The main character vs. mook rules also worked out pretty well. It bogged down a little bit with larger encounters, but was still much faster than D&D 3.X. I think I bulletshaped my character a little too much towards gambling and shooting. When the big finale required me to be able to throw a kerosene lamp at some wintery monster to set him on fire, I was a little hosed trying to hit rolling unskilled. It didn’t matter that I had a monster Dexterity. I was unskilled, so I only had a d4-2 to roll, hoping to get a 4. D’oh.
The one very confusing part of the rules that I think we stumbled over a lot was figuring out how to read the dice for damage. The basic roll for stuff involved rolling the die type associated with your attribute or skill. If you had a d10 in Shooting, you rolled that d10. If you were a “Wild Card” (i.e. a main character) then you also got to roll a d6. Rolling the top number on a die allowed you to re-roll and add to the previous amount. But you only got to keep the highest of the two dice. Other game systems have called these open-ended dice “exploding” or some other cute term. Savage Worlds, sticking to their poker metaphors, calls it an “Ace.”
Hand-to-hand damage seemed to work the same as other dicerolls with this system, but damage for something like a pistol was “2d6.” In other places, you rolled 2d6 and added them together to consult charts. But damage rolls “Ace like normal.” Does that then mean that you take the highest of the d6s that you rolled? Do you add them together and explode them, since you also get to sometimes add a explodable d6 to your highest die? The person GMing went with the latter option (which is, obviously, more deadly), but digging through the rules I cannot find where it clarifies one way or the other. I’m not sure if the problem is that the answer is obvious and I’m just too much of a gamer to let the question slide, or if it’s just poorly explained.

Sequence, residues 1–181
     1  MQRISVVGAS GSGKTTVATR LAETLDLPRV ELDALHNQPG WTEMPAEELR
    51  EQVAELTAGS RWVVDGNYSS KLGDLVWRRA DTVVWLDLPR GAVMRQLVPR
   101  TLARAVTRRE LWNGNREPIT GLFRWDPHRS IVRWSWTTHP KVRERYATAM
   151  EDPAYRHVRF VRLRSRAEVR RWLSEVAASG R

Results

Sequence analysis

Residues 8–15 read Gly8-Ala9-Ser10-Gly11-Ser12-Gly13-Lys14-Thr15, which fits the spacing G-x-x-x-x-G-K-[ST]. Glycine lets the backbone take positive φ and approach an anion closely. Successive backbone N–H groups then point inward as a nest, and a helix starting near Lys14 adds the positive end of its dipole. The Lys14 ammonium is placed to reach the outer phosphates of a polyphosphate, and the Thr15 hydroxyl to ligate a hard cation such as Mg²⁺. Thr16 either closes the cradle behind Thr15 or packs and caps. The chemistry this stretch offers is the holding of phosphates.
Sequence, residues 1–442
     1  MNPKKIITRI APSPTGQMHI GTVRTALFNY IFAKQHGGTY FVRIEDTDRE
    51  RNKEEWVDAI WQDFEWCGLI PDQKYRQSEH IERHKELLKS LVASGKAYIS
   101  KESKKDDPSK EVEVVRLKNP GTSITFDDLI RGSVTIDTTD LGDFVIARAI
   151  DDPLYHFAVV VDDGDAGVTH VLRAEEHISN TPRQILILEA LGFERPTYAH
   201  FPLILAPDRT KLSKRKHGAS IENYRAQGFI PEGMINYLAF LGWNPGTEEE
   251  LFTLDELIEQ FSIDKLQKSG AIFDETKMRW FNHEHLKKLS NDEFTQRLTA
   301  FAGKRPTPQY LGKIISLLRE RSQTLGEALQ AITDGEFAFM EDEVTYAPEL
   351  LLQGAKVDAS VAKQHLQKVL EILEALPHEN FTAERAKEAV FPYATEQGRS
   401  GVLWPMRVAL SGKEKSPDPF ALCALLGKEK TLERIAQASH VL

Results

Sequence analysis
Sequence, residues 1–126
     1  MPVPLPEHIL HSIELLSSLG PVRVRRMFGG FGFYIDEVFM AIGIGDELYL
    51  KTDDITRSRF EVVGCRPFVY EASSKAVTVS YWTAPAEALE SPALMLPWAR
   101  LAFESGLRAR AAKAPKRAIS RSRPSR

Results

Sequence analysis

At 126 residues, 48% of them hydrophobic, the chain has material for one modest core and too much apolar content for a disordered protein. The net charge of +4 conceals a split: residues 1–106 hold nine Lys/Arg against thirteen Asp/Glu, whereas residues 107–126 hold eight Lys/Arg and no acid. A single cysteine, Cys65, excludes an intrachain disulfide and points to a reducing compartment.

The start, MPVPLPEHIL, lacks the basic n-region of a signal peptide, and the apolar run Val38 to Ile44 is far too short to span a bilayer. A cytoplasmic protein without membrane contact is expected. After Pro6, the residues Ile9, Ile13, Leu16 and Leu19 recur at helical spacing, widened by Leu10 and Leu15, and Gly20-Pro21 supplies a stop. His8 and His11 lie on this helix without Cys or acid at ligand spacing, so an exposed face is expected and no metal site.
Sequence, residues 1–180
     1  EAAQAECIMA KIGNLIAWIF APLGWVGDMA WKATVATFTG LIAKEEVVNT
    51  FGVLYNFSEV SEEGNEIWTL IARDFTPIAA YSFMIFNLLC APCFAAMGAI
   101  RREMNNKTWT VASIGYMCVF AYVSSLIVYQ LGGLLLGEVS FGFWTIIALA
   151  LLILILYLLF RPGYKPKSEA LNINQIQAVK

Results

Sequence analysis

I’m sad to say that we didn’t get to try out the showdown rules from the Deadlands rules. I had my character geared towards shootouts, had a chance for a showdown, but then chickened out. Epic phail on my part.
One last bit that I’ll mention here is that, in addition to the rules in the main rule book, Deadlands had a good chunk of alternate rules for use in just that setting. The biggest changes were regarding damage values for weapons and how bennies worked. We didn’t really trip over it in play, but it seemed a little annoying overall.
Compared to the Leading Brand
Savage Worlds, separated from the Deadlands setting, seems like it’s really geared towards pulp adventure. Which of course brings it against the other big dog in pulp adventure roleplay: Spirit of the Century. And I think they both have game design aesthetics that appeal to me, each being a tempting option for any situation where I would want a generic system to run whatever. How did I think the two compared? It’s hard to make a strong comparison, since I ran one and played in the other, which lends a very different experience. (As I’ve learned trying to GM Exalted. Oy vey.) It was also very different groups playing in each iteration. But here’s my initial reaction.